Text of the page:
# Proof: Why Probability of complement of A equals to one minus Probability of A [ P(A’) = 1-P(A) ]

Probability refers to the extent of the occurrence of events. When an event occurs like throwing a ball, picking a card from the deck, etc., then there must be some probability associated with that event.

Basic Terminologies:

• Random Event-
If the repetition of an experiment occurs several times under similar conditions, if it does not produce the same outcome every time, but the outcome in a trial is one of the several possible outcomes, then such an experiment is called a random event or a probabilistic event.
• Sample Space
Sample Space refers to the set of all possible outcomes of a random event. For example, when a coin is tossed, the possible outcomes are head and tail.
• Event
An event refers to the subset of the sample space associated with a random event.
• Occurrence of an Event
An event associated with a random event is said to occur if any one of the elementary events belonging to it is an outcome.
• Complement
In sets, the complement of a set, A is the set of all elements which are not present in A. It is denoted by A’ or Ac. For example, in an experiment of rolling a die, if A is the set of all even outcomes, then, A’ is the set of all odd outcomes.
• Mutually Exclusive Events–
Two or more events associated with a random event are said to be mutually exclusive events. If any one of the events occurs, it prevents the occurrence of all other events. This means that no two or more events can occur simultaneously at the same time.
```If A and B are mutually exclusive events, then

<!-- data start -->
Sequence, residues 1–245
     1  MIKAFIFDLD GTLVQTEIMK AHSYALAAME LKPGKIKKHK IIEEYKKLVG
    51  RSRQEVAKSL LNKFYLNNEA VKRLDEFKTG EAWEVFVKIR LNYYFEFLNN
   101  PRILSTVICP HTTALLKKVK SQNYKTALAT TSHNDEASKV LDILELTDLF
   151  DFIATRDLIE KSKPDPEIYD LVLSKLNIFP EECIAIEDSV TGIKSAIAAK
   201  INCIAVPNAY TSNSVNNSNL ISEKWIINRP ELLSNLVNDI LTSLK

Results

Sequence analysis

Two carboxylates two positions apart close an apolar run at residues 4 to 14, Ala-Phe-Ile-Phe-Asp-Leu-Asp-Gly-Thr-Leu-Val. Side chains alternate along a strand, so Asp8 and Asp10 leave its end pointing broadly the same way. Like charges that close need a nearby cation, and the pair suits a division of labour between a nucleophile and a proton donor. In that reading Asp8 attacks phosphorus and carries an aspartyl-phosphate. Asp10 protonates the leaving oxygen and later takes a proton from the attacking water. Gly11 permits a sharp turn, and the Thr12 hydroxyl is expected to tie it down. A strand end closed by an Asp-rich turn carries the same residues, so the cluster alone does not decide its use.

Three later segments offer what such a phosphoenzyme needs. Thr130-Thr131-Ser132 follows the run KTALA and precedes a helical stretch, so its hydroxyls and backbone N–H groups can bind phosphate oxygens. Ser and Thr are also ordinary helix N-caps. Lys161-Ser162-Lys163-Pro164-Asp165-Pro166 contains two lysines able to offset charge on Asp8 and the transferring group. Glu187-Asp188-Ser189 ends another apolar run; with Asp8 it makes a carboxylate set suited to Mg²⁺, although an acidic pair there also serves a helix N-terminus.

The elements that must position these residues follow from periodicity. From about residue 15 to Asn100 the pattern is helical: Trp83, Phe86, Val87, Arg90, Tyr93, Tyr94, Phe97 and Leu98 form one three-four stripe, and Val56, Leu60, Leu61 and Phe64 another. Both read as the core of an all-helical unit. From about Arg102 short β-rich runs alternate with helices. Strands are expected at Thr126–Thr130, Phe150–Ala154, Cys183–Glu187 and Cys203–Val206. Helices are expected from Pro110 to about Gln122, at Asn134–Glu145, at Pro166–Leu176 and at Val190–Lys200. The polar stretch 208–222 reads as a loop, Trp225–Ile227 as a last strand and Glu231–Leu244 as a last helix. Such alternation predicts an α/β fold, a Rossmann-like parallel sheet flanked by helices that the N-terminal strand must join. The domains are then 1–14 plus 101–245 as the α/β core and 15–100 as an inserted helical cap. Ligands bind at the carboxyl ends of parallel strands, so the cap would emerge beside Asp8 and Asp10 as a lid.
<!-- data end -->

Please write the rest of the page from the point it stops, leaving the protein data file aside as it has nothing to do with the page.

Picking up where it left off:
Also, P(A âˆ© B) = 0```

Probability Axioms:

1. For any set A, the probability of A will always be greater than or equal to zero, i.e. P(A) >=0
2. The probability of Sample Space(S) will always be equal to one i.e. P(S) = 1.
3. If A1, A2, A3, A4 … AN are mutually exclusive events, then the probability of the union of these mutually exclusive events will be equal to the sum of the probability of these mutually exclusive events, i.e. P(A1 âˆª A2 âˆª A3 âˆª A4 âˆª …. AN) = P(A1) + P(A2) + P(A3) + P(A4) + …. + P(AN)

Problem Statement:
Why does the probability of the complement of A equal one minus the probability of A?

Solution:
Let’s get started with the proof of the above problem statement. Below are the steps for the proof-

1. Consider an event, A. Since the sample space of an experiment contains all the possible outcomes of an experiment and the union of A and A’ comprises all the possible outcomes of the experiment. So, sample space can be written as-

```S = A âˆª A'
Also, P(S) = P(A âˆª A') --- (1)```

2. Since the intersection of A and A’ equals âˆ…, it can be said that A and A’ are mutually exclusive events. So, according to axiom 3,

```Since, A âˆ© A' = âˆ…
P(A âˆª A') = P(A) + P(A') --- (2)```

3. Now, from equation (1) and (2), it can be written as-

`P(S) = P(A) + P(A')`

4. From axiom 2, it is known that the probability of a sample space always equals 1 i.e.

```P(S) = 1
P(A) + P(A') = 1 --- (3)```

5. After rearranging the equation (3), the following equation is obtained-

`P(A') = 1 - P(A)`

i.e. the probability of the complement of A equals one minus the probability of A. Hence, Proved.

Examples:
Let’s have a look at some solved examples related to the above proof-

1. A die is thrown once.

Event A- An even number appears

Sample Space, S- {1, 2, 3, 4, 5, 6}

P(S) = 1

A = {2, 4, 6} i.e. P(A) = 3/6 = 1/2

A’ = {1, 3, 5} i.e. P(A’) =3/6 = 1/2

Now, we can easily observe that S = A âˆª A’ and since A âˆ© A’ = âˆ…,
A and A’ are mutually exclusive events, which implies

P(S) = P(A âˆª A’)

P(S) = P(A) + P(A’)

P(S) = 1/2 + 1/2

= 1

P(A’) = 1 – P(A)

P(A’) = 1 – 1/2

P(A’) = 1/2

2. Two coins are tossed.

Sample Space, S- {HH, HT, TH, TT}

P(S) = 1

A = {HH} i.e. P(A) =1/4

A’ = {HT, TH, TT} i.e. P(A’) =3/4

i.e. S = A âˆª A’ and since A âˆ© A’ = âˆ…, we can say that A and A’ are
mutually exclusive events, which implies that –

P(S) = P(A âˆª A’)

P(S) = P(A) + P(A’)

P(S) = 1/4 + 3/4

P(S) = 1

P(A’) = 1 – P(A)

P(A’) = 1 – 1/4

P(A’) = 3/4

Feeling lost in the world of random DSA topics, wasting time without progress? It's time for a change! Join our DSA course, where we'll guide you on an exciting journey to master DSA efficiently and on schedule.
Ready to dive in? Explore our Free Demo Content and join our DSA course, trusted by over 100,000 geeks!

Previous
Next